Competition for nitrogen and moisture in a Pinus radiata-pasture agroforestry system
Degree GrantorUniversity of Canterbury
Degree NameDoctor of Philosophy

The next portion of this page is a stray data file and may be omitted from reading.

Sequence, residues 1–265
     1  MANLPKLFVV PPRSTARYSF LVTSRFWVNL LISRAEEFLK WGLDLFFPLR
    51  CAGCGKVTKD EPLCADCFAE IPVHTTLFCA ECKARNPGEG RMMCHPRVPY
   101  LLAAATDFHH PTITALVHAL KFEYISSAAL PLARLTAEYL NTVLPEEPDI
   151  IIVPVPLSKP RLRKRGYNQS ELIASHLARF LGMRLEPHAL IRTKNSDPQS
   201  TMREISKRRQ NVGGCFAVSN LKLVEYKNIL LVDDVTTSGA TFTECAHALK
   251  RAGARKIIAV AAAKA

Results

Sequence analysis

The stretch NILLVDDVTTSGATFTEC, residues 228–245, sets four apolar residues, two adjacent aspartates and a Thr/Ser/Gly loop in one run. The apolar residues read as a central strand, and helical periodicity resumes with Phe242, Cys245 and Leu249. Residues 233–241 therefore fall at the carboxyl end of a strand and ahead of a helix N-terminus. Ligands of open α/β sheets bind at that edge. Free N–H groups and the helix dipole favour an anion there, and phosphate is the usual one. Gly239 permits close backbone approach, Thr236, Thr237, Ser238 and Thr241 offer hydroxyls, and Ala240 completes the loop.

A 3 x 2 factorial experiment was conducted to examine the outcome and some of the competitive mechanisms between P. radiata (D. Don) and pasture for N and soil moisture. The factors examined were the monthly addition of 30 kg N/ha versus no additional N, and the manipulation of the level of pasture competition by spraying and simulated-grazing to give three levels of pasture competition. The experiment coincided with a period of severe drought which greatly increased the competition for soil moisture. Removal of pasture competition by spraying released a large amount of N into the soil mineral N pool. It also reduced overall demand for N and water because of the reduction in competition resulting in improved tree growth and greater N uptake by trees. However, it was apparent that moisture was the main limiting factor for tree growth in the plus-pasture treatments because, whilst trees did take up some of the applied N in the plus-pasture treatments, they showed no increase in growth and N uptake. A localized effect of trees on pasture dry matter production and N content occurred. Directly beneath trees and in the area predominantly occupied by tree roots competition for water and N was intense. Pasture response to N was greatest away from the tree rooting zone. Pasture appeared to compete successfully due to the nature of its root system which consists of a large biomass of very fine roots compared to the small biomass of fine pine roots in the surface soil. Competition between pasture and trees was further examined using the stable isotope 15N to trace a single 15N-labelled application of N fertilizer in spring. Recovery of 15N during the split fertilizer application program was assessed by periodic pasture harvests in the simulated-grazing treatment and by obtaining a complete balance sheet after 249 days. The dynamics of plant availability of applied 15N and retention of 15N in the soil was also followed. The recovery and retention of 15NO3- and 15NH4+ in particular were compared in the simulated-grazing treatment. Larger quantities of 15NO3- remained available to plants than 15NH4+ and 15N was still found in the KCl-extractable mineral N pool at 154 and 249 days after application. P. Radiate assimilated the same amount of 15N when added as 15NO3- or 15NH4+ in the simulated-grazing treatment but uptake into the aboveground biomass of pasture was greater for 15NO3- than for 15NH4+. However, pasture uptake of 15NO3- and 15NH4+ was not significantly different when pasture stubble and roots were include in the total recovery for all harvests. Removal of pasture competition increased the availability of 15N for the period just after application but 15N uptake by P. radiata was only doubled. There were no significant differences in 15N recovery between treatments in the 0-20 cm depth of soil; on average this was 49% of that applied. Total system recovery was 107, 92, 76, and 71% for the 15NO3-treated, 15NH4+ -treated simulated-grazing treatments, 15NH4+ -treated rank, and sprayed treatments, respectively. The loss of 15N from the system was not accounted for by leaching although this was not directly measured. In the sprayed treatment where the loss of 15N was greatest, it was thought that 15N loss may have been due to denitrification. The root systems of neighbouring trees did not overlap and midway between the trees there was apparently no competition between trees and pasture since no effect of tree roots on pasture growth and 15N uptake could be shown. Uptake by artificially-grazed pasture did not seem to reduce 15N movement into the canopy to the same extent as uptake by rank pasture. In the simulated-grazing treatment the increased cycling of N or reduced pasture root growth may have provided some benefit to tree uptake of 15N.